President Joe Biden’s State of the Union address was an exercise in deceit. Its central aim was to conceal from the American people plans for an immense escalation, including the deployment of troops, in the ever more direct military conflict with Russian forces as the US-instigated war in Ukraine enters its second bloody year.
The annual speech to a joint session of Congress was preceded by a feverish intensification of the war. Over the past several weeks, at the urging of Washington, multiple European powers have begun to send main battle tanks to Ukraine, the US has announced the dispatch of long-range precision missiles capable of striking deep into Russia territory and plans have been unveiled to send advanced NATO fighter jets to the regime in Kiev.
Within hours of Biden’s Tuesday night speech, Ukrainian President Volodymyr Zelensky visited Britain and the European Union powers to demand the immediate dispatch of fighter jets, and the British government announced plans to train Ukrainian pilots in the UK.
In last year’s State of the Union speech, held just days after Russian President Vladimir Putin’s reactionary and disastrous invasion of Ukraine, deliberately provoked by Washington, Biden focused almost exclusively on the war, hailing the bipartisan unity it had generated barely a year after the siege of Congress by Donald Trump’s fascist insurrectionists.
Yet in Tuesday’s address, there was hardly a mention of the war in Ukraine—a war that has brought the world to the brink of a nuclear exchange, or “Armageddon,” as Biden himself called it last fall. In a speech that dragged on for nearly 90 minutes, he devoted only 200 out of 7,000 words to the war, which is the central focus of his administration.
How is this astonishing fact to be explained?
First, Biden knows that the war is unpopular among the broad mass of the American working class.
Second, his government is in the process of working out its response to the rapid deterioration of Ukraine’s military position. This will require the deployment of NATO forces to Ukraine, including American contractors and troops, but Biden is not yet ready to reveal it. More time is needed to ratchet up the ongoing media propaganda campaign and generate an even higher level of anti-Russia hysteria.
David Sanger, a top New York Times foreign policy analyst with close ties to US intelligence, honed in on the extraordinary downplaying of the war in Ukraine in a commentary published after the State of the Union. He wrote:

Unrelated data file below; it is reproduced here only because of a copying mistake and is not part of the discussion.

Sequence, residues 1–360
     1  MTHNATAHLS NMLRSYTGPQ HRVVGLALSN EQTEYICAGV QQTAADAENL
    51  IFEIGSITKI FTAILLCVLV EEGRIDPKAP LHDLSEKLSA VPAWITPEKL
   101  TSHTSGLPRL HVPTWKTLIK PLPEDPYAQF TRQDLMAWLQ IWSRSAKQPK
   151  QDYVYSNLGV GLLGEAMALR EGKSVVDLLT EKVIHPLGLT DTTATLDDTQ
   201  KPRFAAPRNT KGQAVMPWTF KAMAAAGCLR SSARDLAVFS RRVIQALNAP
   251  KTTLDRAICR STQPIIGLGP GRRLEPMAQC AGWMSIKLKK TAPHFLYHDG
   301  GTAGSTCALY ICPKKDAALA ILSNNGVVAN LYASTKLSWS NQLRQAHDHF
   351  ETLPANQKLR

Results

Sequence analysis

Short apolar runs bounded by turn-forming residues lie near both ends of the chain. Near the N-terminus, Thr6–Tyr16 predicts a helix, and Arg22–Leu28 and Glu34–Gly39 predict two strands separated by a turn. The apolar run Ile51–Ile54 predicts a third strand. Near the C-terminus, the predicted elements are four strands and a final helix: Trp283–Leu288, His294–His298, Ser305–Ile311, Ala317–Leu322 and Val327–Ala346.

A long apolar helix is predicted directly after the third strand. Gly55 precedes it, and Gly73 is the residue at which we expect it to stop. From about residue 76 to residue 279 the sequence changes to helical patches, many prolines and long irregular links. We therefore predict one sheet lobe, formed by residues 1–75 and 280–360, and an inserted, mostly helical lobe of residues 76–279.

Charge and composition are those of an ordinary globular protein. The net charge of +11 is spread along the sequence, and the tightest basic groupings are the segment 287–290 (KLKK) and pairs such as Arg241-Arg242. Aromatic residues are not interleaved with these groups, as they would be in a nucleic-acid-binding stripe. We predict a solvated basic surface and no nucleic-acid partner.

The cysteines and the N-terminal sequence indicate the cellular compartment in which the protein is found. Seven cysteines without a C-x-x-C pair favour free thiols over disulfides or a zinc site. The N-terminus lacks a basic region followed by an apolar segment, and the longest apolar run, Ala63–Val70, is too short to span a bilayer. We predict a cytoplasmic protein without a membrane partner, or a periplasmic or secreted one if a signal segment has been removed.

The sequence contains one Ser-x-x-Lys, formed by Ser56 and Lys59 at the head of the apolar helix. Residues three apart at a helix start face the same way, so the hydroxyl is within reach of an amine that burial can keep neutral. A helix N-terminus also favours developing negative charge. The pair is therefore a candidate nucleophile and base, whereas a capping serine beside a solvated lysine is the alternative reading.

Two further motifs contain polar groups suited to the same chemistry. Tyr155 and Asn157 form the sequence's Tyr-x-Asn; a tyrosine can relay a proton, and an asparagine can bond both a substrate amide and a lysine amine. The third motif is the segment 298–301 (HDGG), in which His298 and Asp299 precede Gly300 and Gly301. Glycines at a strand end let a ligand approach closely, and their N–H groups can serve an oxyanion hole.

Simultaneously managing an aggressive Russia and a risk-taking China may prove the greatest challenge of his [Biden’s] next two years. And they will increasingly occupy his attention, especially now that Republican control of the House all but terminates his domestic legislative agenda.
So it was especially striking that in the president’s State of the Union address on Tuesday night, he chose to spend relatively little time on America’s global role, focusing instead on his “Made in America” effort to bring manufacturing jobs back to the United States, even at the price of angering America’s closest allies and top trade partners.
Pointing to the unpopularity of the war and the further austerity its escalation will require, Sanger wrote that Biden, who is preparing to run for a second term, “knows that America’s re-engagement in the world is both expensive and, at the opening of an election cycle, a tough political sell. Containing Russia and competing with China may be the work of decades, but it will add tens or hundreds of billions of dollars to an already stressed budget.”
Times columnist Thomas Friedman, a weather vane for the discussions taking place in the state and intelligence agencies, pointed to the far-reaching plans for the coming months in a column published on February 5, “Year Two of the Ukraine War is Going to Get Scary.”
In Friedman’s account, the first year of the war was “relatively easy” for “America and its allies,” requiring only sending “arms, aid and intelligence.” However, he wrote, “I don’t think year two is going to be so easy”—that is, the direct intervention of US forces will be required.
Friedman, who initiated the phrase “the cure can’t be worse than the problem itseslf” to justify the abandonment of all restrictions on the spread of the coronavirus pandemic, is now advancing the position that the consequences of NATO’s defeat in Ukraine are worse than the danger of thermonuclear war.